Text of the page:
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Colonial legacies and repertoires of 'ethnic' violence: the case of Western India, 1941-2002

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The post-colonial state is held to be a weak state whose ease of capture reduces its capacity to suppress violence. The focus on the state, however, risks neglecting the ways in which violence is deployed to render the state weak in popular perception. This perception in turn legitimates claims for a foundational shift in the basis of power. In this paper, the concept of "repertoire" as first used by Charles Tilly, is used to analyze continuities and discontinuities in the development of the "ethnic riot" in urban, western India. As an "extreme" case in which riots have shown considerable durability over time, it highlights a key point, namely, that riots can form part of a strategy of power by simultaneously projecting themselves as popular insurrection and constructing a perception of the state as weak. The persistence of this repertoire, it is further argued, derives from the historical specificities of colonial state formation which promoted an ethnically imagined and hierarchized polity, as well as political struggles which weakened alternative forms of community.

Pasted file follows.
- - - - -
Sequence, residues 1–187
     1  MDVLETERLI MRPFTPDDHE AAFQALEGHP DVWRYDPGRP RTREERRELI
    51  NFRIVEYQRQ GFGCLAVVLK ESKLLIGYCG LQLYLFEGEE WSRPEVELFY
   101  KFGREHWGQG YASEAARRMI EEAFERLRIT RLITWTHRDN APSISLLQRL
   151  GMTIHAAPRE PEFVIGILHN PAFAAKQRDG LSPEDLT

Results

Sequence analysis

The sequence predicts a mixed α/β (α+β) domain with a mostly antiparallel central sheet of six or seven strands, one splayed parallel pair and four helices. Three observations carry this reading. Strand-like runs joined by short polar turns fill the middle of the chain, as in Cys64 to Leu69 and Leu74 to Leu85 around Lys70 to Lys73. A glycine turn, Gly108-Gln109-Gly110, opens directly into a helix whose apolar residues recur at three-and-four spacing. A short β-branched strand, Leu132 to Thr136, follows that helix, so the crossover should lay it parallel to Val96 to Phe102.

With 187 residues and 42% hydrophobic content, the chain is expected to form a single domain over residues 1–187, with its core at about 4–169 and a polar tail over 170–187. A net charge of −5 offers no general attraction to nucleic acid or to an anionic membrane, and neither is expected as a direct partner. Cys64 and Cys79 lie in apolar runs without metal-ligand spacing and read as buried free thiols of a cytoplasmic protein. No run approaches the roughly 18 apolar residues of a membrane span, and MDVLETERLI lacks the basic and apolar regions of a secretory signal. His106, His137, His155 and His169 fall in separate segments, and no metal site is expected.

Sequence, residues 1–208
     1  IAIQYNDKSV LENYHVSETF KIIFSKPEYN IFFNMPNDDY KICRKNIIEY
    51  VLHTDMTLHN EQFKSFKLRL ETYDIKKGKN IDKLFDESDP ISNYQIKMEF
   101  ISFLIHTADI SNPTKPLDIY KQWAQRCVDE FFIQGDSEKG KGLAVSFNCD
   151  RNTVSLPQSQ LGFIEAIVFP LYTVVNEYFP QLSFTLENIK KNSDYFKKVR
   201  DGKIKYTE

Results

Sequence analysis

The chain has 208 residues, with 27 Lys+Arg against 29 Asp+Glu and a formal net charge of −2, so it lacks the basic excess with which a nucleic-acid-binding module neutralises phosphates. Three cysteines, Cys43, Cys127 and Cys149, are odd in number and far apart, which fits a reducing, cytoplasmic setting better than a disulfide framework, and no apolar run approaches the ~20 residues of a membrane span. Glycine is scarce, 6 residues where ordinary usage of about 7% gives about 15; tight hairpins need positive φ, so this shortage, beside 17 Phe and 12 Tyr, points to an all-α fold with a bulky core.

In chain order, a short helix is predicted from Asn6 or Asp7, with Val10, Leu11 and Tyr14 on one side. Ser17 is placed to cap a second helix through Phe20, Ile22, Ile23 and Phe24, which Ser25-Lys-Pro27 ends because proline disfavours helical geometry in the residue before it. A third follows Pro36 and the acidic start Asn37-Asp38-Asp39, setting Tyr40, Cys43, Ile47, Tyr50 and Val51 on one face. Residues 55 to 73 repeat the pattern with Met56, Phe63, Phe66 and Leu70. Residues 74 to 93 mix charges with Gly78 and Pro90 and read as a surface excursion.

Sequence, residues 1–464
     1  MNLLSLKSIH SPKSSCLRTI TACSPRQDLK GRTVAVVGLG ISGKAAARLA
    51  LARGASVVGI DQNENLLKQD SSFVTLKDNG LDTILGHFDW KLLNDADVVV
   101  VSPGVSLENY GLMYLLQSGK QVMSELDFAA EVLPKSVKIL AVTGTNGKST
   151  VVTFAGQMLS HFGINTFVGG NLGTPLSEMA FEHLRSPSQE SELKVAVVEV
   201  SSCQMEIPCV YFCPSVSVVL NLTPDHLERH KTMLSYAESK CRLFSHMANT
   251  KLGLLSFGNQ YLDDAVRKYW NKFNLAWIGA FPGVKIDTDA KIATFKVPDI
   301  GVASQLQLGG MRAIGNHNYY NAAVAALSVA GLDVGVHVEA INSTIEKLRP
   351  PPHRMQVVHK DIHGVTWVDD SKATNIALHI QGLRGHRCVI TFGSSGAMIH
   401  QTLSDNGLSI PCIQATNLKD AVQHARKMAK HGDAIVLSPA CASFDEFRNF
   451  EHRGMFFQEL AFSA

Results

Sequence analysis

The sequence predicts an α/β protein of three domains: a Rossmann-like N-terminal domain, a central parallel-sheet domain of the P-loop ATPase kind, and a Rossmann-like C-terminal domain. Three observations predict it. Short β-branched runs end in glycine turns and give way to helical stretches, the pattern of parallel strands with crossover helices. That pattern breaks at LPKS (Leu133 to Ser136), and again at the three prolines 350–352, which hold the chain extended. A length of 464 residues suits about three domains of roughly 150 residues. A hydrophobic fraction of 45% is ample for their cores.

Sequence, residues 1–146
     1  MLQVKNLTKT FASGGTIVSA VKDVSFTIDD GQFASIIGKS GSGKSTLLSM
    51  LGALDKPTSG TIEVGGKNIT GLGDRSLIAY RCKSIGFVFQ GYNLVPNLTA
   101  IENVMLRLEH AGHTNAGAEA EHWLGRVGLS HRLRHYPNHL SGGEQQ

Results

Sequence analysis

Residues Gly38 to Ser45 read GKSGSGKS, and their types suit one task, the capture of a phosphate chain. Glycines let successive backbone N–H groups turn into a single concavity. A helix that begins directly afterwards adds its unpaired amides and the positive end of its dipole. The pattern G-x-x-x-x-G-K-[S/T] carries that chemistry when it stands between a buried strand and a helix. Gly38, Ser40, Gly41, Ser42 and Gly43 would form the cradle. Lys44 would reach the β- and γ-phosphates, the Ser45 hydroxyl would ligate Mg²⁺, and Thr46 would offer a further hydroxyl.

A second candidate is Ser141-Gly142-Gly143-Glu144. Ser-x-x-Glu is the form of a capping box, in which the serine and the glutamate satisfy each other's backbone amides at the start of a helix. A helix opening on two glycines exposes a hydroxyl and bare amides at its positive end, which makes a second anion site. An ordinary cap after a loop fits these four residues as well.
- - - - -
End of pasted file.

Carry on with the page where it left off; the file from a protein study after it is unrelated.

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en

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http://eprints.lse.ac.uk/25919/

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